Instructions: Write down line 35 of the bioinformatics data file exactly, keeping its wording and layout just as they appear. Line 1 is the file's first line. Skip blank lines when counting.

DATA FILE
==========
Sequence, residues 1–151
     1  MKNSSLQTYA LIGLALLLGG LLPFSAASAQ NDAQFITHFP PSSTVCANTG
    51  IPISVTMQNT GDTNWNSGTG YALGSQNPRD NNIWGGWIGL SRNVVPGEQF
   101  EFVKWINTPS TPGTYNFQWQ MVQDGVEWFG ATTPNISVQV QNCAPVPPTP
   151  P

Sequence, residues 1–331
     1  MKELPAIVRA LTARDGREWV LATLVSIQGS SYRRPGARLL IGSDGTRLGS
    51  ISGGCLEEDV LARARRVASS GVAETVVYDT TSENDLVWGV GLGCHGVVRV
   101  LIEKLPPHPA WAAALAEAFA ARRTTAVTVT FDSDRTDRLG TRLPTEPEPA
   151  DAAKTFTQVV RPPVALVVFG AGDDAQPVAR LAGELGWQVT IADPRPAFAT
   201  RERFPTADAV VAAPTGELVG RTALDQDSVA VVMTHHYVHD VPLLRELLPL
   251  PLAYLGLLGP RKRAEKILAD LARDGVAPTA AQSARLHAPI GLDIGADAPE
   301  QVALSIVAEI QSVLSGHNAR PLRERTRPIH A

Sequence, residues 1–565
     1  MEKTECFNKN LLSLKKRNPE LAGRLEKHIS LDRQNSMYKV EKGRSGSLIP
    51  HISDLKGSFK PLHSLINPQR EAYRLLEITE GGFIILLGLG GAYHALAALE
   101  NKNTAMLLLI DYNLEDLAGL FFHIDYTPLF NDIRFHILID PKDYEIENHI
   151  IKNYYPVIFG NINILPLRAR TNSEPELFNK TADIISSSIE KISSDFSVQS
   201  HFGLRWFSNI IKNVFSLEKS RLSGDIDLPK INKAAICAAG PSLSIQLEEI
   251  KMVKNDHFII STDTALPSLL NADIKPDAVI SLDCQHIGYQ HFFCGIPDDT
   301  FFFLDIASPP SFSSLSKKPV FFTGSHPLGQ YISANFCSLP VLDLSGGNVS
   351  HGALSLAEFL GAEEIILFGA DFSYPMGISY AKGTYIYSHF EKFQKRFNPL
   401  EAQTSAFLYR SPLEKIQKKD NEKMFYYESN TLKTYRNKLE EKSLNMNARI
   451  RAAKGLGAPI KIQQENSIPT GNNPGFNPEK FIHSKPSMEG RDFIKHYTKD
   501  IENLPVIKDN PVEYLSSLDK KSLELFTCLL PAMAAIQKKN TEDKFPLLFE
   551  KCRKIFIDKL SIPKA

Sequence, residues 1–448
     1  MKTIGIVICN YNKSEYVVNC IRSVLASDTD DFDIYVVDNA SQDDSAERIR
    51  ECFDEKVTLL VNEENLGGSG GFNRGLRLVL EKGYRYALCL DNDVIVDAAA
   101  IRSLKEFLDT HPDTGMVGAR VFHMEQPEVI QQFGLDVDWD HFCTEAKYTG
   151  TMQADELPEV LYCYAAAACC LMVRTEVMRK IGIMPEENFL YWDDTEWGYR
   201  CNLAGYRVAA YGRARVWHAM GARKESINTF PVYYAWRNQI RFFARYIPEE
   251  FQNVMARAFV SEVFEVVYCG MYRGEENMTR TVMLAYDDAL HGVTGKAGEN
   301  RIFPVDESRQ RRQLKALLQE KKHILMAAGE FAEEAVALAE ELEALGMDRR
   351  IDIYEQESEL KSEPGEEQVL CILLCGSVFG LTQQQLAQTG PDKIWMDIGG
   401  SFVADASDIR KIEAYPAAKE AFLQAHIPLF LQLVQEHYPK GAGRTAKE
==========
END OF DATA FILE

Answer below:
   351  IDIYEQESEL KSEPGEEQVL CILLCGSVFG LTQQQLAQTG PDKIWMDIGG